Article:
Chemical Spill in Rhine Causes Alarm in Europe
Chemical Spill in Rhine Causes Alarm in Europe
Nov. 10, 1986
FRANKFURT, West Germany (AP) _ A poisonous chemical spill in the Rhine has killed half a million fish, deprived towns of water supplies and stirred fears of long-term damage to one Europe's busiest and most scenic waterways.
French officials plan decrees against catching Rhine River fish for the next six months becauase of the spill Nov. 1 during an industrial fire in Basel, Switzerland.
Some critics are calling the spill Chernobale, after the Chernobyl nuclear disaster last April in Soviet Union. Bale is the French name for Basel.
''We don't know how damaged the Rhine is, but there's no doubt that there has been serious harm done,'' Walter Wallmann, West Germany's environment minister, said Monday.
In Brussels, the European Common Market's environment commissioner requested an urgent meeting of government ministers later this month to evaluate the consequences and ''deal with the immediate crisis.''
The Swiss government said member nations of the International Rhine River Commission would hold a special meeting Wednesday in Zurich.
West German, French and Dutch officials accused Swiss authorities of slow reaction and poor cross-border coordination after the accident.
About 30 tons of toxic herbicides, pesticides and mercury poured into the Rhine along with water used to put out a fire at the Sandoz chemical plant outside Basel.
The spill, about 25 miles long, drifted slowly downstream, causing huge fish kills and contaminating water supplies of river towns.
Concern has been intensified by the Rhine's importance as an artery of European commerce and tourist attraction.
The 820-mile-long river rises in a Swiss glacier and passes through or forms borders of Liechtenstein, Austria, West Germany, France and the Netherlands on its way to the North Sea.
French authorities said they had prevented the chemicals from entering tributaries and underground water sources by closing lock gates into canals and secondary waterways.
Unkel and Bad Honningen in West Germany's northern Rhineland indefinitely closed off their normal water supplies, which are a combination of Rhine and ground sources.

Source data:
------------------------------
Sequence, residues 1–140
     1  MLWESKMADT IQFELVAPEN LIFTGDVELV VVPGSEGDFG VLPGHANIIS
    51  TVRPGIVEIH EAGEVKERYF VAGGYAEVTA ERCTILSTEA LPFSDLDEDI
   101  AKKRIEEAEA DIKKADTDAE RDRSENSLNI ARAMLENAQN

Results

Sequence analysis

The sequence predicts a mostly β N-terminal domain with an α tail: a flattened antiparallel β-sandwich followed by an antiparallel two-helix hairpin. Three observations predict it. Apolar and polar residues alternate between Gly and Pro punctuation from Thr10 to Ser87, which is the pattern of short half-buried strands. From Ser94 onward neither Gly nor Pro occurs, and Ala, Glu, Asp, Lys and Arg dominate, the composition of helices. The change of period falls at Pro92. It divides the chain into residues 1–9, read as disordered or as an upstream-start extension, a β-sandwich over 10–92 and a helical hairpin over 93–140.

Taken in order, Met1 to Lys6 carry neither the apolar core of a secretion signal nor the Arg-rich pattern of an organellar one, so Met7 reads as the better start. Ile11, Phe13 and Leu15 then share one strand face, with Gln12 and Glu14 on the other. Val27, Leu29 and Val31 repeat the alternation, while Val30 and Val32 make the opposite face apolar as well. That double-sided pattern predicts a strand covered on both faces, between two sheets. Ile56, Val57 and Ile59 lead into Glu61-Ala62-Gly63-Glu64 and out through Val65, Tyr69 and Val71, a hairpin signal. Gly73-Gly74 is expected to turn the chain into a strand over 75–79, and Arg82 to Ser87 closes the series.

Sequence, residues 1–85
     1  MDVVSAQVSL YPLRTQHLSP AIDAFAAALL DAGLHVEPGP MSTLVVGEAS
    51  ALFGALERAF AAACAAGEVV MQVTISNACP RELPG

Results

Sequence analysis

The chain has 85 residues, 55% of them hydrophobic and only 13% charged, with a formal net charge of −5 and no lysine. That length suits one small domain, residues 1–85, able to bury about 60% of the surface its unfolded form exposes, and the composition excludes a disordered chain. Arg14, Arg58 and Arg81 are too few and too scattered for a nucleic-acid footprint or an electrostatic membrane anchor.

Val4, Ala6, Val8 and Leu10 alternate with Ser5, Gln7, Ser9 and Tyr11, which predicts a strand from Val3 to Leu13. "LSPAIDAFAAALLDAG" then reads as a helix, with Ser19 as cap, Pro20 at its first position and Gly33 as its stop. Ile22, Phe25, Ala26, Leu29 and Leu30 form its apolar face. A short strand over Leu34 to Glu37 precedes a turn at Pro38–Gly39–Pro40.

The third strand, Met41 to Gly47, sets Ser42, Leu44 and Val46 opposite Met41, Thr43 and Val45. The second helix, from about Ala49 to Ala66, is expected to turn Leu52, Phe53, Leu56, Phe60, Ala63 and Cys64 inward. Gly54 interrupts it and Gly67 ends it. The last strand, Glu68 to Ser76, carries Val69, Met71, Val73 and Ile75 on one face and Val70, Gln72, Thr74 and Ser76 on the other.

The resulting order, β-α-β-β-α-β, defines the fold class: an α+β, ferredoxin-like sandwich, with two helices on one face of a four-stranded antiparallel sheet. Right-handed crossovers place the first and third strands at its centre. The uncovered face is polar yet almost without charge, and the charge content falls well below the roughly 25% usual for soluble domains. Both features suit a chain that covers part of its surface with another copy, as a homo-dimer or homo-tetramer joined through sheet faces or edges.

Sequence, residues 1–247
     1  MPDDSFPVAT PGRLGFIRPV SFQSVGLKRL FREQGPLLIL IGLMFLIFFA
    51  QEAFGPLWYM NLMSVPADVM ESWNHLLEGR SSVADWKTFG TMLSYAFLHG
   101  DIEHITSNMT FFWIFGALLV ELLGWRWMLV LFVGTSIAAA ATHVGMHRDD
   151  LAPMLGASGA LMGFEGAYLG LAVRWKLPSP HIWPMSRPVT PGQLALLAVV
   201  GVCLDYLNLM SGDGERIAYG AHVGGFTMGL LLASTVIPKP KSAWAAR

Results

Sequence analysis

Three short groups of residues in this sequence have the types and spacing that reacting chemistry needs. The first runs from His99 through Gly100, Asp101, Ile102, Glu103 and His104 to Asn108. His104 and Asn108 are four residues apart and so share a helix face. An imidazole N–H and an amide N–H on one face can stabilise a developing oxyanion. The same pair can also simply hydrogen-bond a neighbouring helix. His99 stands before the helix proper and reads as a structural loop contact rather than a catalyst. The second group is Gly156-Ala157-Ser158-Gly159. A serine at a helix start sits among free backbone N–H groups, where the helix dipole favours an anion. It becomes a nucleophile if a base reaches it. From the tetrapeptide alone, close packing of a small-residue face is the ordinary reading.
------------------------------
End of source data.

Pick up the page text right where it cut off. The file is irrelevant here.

''They will continue to be served with water by a 24-hour firetruck service until further notice,'' said Detlef Diehl, spokesman for Environment Minister Wallmann. He said other Rhine communities either customarily used only ground water or had switched to it.
Precuationary measures also include cancellation of some Rhine cruises, which are important to the West German tourist industry.
The chemicals entered the Netherlands over the weekend and neared the Rhine delta on the North Sea late Monday, Dutch environmental authorities reported.
A second patch of mercury-tainted water from a container leak at the Sandoz plant that was related to the fire made its way down the river Monday in West Germany. Company spokesman Benedikt Hurni said toxic concentrations were ''minimal'' compared with the first spill.
Bruno Voskuil, spokesman for the Dutch Environment Ministry, said the toxins spilled initially were diluted by passage through West Germany and France and killed only some aquatic micro-organisms in the Netherlands.
He said officials used Holland's system of locks and movable barriers to push the pollution into the sea as swiftly as possible and stop it from spreading into other waters.
At a news conference Monday in Bonn, Wallmann said the chemical spill had killed 500,000 fish. He said he would meet with chemical industry leaders Tuesday to discuss tougher safety measures.
Swiss insurance investigators found that some Sandoz chemical storage practices had not met minimum safety standards, he said.
''We are not yet able to name all the chemicals that may be in the Rhine as a result of this accident. There could be more,'' Wallmann said. It is too early to evaluate the long-range ecological impact, he added.
He said authorities in Switzerland underestimated the accident and waited too long before warning neighboring countries.
A Sandoz spokesman, speaking on condition of anonymity, denied Monday that the company had violated storage regulations but acknowledged that some safety measures may have been inadequate.
The government of one West German state on the Rhine, Baden-Wuerttemberg, announced Monday it would seek reparations from the Swiss company.
Claudia Roth of West Germany's Greens party summed up the environmental concern: ''How are you going to put a price on the Rhine itself or wildlife preserves in the tributaries that become wastelands? We're going to make sure this won't happen here again.''